February doesn’t have to be bare in the garden. Here plantsman Keith Wiley chooses flowers for February which are worth planting to ensure colour, structure and more.
Iris unguicularis ‘Peloponnese Snow’
Hardy or near hardy, winter-flowering iris are not thick on the ground, and this one is the standout selection of a species that has filled this gap. The more-often seen cultivars are various shades of lilac-blue, which may or may not have much scent and can be reluctant to produce many flowers. By contrast the beautifully marked white flowers of ‘Peloponnese Snow’ are not only strongly scented but are also produced prolifically for several months. Worth watching out for slugs eating the soft flower stems and flowers.
Conditions Well-drained soil; sun in preferably a sheltered spot.
Hardiness RHS H5, USDA 7a-9b.
Season of interest Evergreen clump flowering winter through spring.
Named after Henrik Zetterlund, of Gothenburg Botanical Garden, who has done so much to bring this genus to the attention of gardeners. This species was found growing on north-facing screes and well-drained limey soils and only named in 1990. Like so many of the genus this one merits close inspection. It will not shout out its presence from its lowly stature, but grow it with the smaller snowdrops, early species crocus and Iris reticulata and a jewel-like tapestry will emerge. A spring ephemeral for a raised bed or rockery retreating below ground soon after flowering.
Height 15-20cm in flower.
Conditions Well-drained soil; sun or shade.
Hardiness RHS H6, USDA 5a-8b.
Season of interest Late winter to early spring.
Daphne ‘Spring Beauty’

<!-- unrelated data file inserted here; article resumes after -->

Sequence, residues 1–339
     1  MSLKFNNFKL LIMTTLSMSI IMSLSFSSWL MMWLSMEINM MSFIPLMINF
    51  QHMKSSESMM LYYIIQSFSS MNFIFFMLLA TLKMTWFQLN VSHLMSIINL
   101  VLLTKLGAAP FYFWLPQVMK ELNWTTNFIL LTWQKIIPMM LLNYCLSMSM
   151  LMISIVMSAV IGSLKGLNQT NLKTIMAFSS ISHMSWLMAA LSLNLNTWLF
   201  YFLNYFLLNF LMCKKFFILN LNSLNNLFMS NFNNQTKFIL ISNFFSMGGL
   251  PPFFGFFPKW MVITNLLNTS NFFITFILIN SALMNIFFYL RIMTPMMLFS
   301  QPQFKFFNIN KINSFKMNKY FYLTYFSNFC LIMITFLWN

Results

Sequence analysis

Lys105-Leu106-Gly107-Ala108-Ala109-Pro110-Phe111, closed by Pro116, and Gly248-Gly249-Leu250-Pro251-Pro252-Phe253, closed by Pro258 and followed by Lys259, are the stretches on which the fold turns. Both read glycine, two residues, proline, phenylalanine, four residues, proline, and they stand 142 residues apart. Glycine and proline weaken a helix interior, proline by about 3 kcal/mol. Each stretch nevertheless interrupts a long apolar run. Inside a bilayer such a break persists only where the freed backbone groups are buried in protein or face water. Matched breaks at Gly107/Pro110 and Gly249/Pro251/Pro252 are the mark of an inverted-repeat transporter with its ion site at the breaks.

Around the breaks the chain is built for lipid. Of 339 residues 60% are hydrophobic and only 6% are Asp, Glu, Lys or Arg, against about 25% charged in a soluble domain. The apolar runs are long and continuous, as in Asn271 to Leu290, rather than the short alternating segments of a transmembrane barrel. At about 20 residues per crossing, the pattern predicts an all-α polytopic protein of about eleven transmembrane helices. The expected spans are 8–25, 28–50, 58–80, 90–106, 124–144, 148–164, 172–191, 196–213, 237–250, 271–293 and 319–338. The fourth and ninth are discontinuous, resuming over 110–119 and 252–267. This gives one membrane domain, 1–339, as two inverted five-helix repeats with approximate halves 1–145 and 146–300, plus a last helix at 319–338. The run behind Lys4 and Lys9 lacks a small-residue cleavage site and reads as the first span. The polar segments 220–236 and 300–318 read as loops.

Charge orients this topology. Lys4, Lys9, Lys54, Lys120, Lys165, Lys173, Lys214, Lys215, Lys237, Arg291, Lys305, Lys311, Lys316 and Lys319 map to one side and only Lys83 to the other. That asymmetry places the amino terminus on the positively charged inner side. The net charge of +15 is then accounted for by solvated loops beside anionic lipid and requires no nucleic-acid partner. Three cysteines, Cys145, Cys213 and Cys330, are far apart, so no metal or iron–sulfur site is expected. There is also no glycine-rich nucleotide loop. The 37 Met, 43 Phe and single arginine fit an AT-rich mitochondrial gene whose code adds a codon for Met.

Purely in terms of scent the best species of late winter-flowering daphnes are Daphne bholua and Daphne odora. With less fragrance, but greater flower power, this cultivar (bred by Robin White) is a hybrid between Daphne bholua and the supposedly tender Daphne sureil, which ensures it is later flowering and produces masses of pink flowers. Best planted where the morning sun will not reach it while the plant is still frozen after a cold night. Has proved hardy here at Wildside, which is similar to much of southern England.
Origin Garden origin (both parents are Himalayan).
Conditions Fertile, well-drained soil; sun or part shade.
Hardiness RHS H4, USDA 7a-8b.
Season of interest Evergreen shrub flowering late winter to early spring.
Formerly known as Crocus herbertii, this is wonderful growing alongside Corydalis henrikii (see above) and one of my highlights among the winter flowering bulbs. The most intense orange flowers spring from the smallest crocus bulbs I have ever seen. It is a stoloniferous species spreading by underground stems to produce an ever increasing colony of small, grassy leaves when settled, which in my experience can take several years to happen. Seeing these spears of orange emerge so early in the year is a thrill of which I will never tire. Does need small companions, I grow it with low-growing, early grape hyacinths and some of the smaller snowdrops.
Conditions Well-drained soil; sun.
Hardiness RHS H7, USDA 3a-8b.
Season of interest Late winter.
A low-growing daphne that will cover itself in scented yellow flowers for months in late winter. The scent is elusive as I get very little but for others it is glorious. I cannot pretend it is the easiest daphne to grow, needing, as all daphnes do, a well-drained soil but in part shade. I grow mine in a bed under cover but open on all sides. Unusually, it goes dormant after flowering, dropping its leaves through the summer, before making new growth in the autumn. Beware slugs eating the new flowerbuds at this time.
Origin Northern Japan and eastern Russia.
Conditions Well-drained soil; part shade.
Hardiness RHS H5, USDA 7a-9b.
Season of interest Second half of winter.
Pieris formosa var. forrestii ‘Jermyns’